The Bongo family which ruled Gabon since 1967 was at the core of a scandal that took an international turn after a probe in France in 2010.
Late President Omar Bongo acquired dozens of millions of euros over the years, as well as numerous real estate assets in Paris and Nice, which Anadolu managed to localize.
Villas from Libreville to Nice
Nice, France’s Mediterranean tourist spot, offers posh neighborhoods, including Cimiez.
Omar Bongo chose this place between 1967 and 2009 to rest in France and bought many estates in the area, each competing in luxury.
“There are guards who have been here for a long time. The residency is still guarded,” a neighbor told Anadolu on Thursday, near one of Bongo’s six properties in the city.
“You know, most (residents) have been here for years, so everybody knows each other, even though we have new neighbors at times,” added another. “It is like a small village here, honestly, we do not want to be known for all of those subjects.”
Another property, Saint-Ange Villa, on Flirey Avenue, was bought for €1.9 million ($2.05 million) in 1999 by Omar Bongo. The premises and the yard of the villa seemed abandoned.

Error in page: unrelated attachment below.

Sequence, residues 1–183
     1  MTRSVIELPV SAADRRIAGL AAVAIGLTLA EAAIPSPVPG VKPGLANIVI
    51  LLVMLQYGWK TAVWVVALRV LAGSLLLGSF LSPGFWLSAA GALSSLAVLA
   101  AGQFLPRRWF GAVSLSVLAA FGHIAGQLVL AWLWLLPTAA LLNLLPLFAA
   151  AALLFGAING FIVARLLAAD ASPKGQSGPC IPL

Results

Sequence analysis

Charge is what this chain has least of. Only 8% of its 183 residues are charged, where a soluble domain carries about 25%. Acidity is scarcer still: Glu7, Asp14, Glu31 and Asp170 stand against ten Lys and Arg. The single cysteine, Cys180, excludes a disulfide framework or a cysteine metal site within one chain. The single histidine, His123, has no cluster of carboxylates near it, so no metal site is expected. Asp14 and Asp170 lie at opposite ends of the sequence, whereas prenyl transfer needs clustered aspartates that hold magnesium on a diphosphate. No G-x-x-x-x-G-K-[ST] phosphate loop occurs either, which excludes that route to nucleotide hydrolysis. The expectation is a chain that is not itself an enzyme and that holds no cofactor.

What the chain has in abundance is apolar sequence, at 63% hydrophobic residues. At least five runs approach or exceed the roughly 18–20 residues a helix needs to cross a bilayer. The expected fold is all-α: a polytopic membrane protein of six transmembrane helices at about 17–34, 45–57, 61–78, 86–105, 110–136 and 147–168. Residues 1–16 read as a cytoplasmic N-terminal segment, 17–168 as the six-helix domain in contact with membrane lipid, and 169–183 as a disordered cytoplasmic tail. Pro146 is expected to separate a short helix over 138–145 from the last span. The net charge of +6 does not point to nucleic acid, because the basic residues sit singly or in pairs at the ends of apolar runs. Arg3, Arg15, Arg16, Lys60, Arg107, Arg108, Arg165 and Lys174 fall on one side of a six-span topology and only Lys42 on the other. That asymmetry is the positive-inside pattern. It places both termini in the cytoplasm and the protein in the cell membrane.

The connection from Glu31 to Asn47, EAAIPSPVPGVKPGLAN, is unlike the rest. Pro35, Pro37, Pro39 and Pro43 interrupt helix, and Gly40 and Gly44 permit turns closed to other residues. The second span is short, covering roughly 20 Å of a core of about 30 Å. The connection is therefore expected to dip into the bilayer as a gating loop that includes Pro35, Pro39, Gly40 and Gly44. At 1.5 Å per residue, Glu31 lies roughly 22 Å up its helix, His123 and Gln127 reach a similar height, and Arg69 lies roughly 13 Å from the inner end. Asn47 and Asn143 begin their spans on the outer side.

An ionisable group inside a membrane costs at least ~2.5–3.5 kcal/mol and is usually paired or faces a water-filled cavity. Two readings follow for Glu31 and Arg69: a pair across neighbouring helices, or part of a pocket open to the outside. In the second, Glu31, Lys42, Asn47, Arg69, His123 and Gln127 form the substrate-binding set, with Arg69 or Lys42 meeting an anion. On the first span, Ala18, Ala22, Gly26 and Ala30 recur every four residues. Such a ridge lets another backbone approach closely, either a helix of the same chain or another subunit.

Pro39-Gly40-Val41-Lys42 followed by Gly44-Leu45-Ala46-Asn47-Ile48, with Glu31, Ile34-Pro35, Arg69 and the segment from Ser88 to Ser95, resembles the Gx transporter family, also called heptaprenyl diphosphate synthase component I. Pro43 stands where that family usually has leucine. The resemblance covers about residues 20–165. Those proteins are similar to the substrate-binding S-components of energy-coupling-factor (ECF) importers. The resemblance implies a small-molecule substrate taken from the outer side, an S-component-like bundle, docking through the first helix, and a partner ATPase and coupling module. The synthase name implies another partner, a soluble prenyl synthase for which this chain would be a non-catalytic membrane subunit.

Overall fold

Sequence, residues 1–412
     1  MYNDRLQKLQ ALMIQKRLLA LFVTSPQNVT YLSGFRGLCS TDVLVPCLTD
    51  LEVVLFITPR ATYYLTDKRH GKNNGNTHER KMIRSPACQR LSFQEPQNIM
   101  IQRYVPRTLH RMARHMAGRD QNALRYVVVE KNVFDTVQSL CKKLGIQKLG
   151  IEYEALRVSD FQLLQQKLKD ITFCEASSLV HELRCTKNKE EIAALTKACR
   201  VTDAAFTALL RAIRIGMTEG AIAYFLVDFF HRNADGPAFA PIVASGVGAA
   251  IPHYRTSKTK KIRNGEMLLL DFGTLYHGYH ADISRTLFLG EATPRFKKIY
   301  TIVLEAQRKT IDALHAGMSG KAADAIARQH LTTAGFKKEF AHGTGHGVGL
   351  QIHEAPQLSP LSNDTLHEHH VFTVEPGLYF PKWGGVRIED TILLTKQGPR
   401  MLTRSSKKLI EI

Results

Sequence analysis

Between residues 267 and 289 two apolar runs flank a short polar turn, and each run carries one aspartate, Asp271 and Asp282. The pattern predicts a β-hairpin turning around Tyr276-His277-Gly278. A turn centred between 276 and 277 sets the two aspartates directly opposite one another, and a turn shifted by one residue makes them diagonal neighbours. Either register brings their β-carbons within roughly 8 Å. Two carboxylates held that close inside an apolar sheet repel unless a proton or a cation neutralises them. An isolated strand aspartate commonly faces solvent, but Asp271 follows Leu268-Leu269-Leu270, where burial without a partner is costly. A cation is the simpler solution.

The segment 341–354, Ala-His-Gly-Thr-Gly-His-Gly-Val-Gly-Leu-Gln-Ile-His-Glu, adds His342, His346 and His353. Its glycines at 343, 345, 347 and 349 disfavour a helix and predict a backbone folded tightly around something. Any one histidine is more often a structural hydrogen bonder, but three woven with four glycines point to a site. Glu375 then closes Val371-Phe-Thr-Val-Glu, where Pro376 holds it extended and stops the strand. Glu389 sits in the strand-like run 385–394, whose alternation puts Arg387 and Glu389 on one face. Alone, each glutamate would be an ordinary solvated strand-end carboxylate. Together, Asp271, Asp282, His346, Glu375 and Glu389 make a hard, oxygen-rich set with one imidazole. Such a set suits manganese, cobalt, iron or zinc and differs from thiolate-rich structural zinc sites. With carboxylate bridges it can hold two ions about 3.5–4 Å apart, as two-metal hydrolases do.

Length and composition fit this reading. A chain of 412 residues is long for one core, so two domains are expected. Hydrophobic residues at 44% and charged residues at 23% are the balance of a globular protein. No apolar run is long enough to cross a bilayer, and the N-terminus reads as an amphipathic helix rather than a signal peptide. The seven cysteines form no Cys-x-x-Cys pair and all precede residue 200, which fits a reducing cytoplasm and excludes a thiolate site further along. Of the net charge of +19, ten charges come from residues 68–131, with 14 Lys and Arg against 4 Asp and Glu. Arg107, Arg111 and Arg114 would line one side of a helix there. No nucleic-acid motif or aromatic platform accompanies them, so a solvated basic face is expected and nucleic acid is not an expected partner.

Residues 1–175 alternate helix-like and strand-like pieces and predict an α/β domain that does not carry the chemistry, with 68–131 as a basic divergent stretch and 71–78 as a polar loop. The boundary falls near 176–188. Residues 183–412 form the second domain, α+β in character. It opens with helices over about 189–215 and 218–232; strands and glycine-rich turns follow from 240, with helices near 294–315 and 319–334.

Probe into Bongo’s properties
Three associations fighting against corruption filed a complaint in 2007 and put the spotlight on Bongo’s assets that were built also thanks to money from oil exploitation by the Elf and TotalEnergies companies.
The investigation started in 2010 and nine children of Omar Bongo were pursued and placed under investigation for misuse of public funds, corruption, money laundering and abuse of social goods.
Ali Bongo was never targeted due to his presidential immunity, but the tables might turn after the military took power Wednesday in Gabon.
A Paris court order in February 2022 noted that the “large fortune” of the late Omar Bongo came from the misuse of public funds and corrupt money from oil companies.
The value of the Bongo family’s assets is estimated at around €85 million, according to a court order in 2022.
Early Wednesday, a group of military officers seized power in the Central African country, annulling the results of Saturday’s election and placing President Ali Bongo under house arrest.
The coup came after the Gabonese Election Center announced official results that showed Bongo winning a third term with 64.27% of the vote.
Bongo has been in power for almost a decade. His father, Omar Bongo, assumed the presidency in 1967 and ended with his death in 2009 in Spain.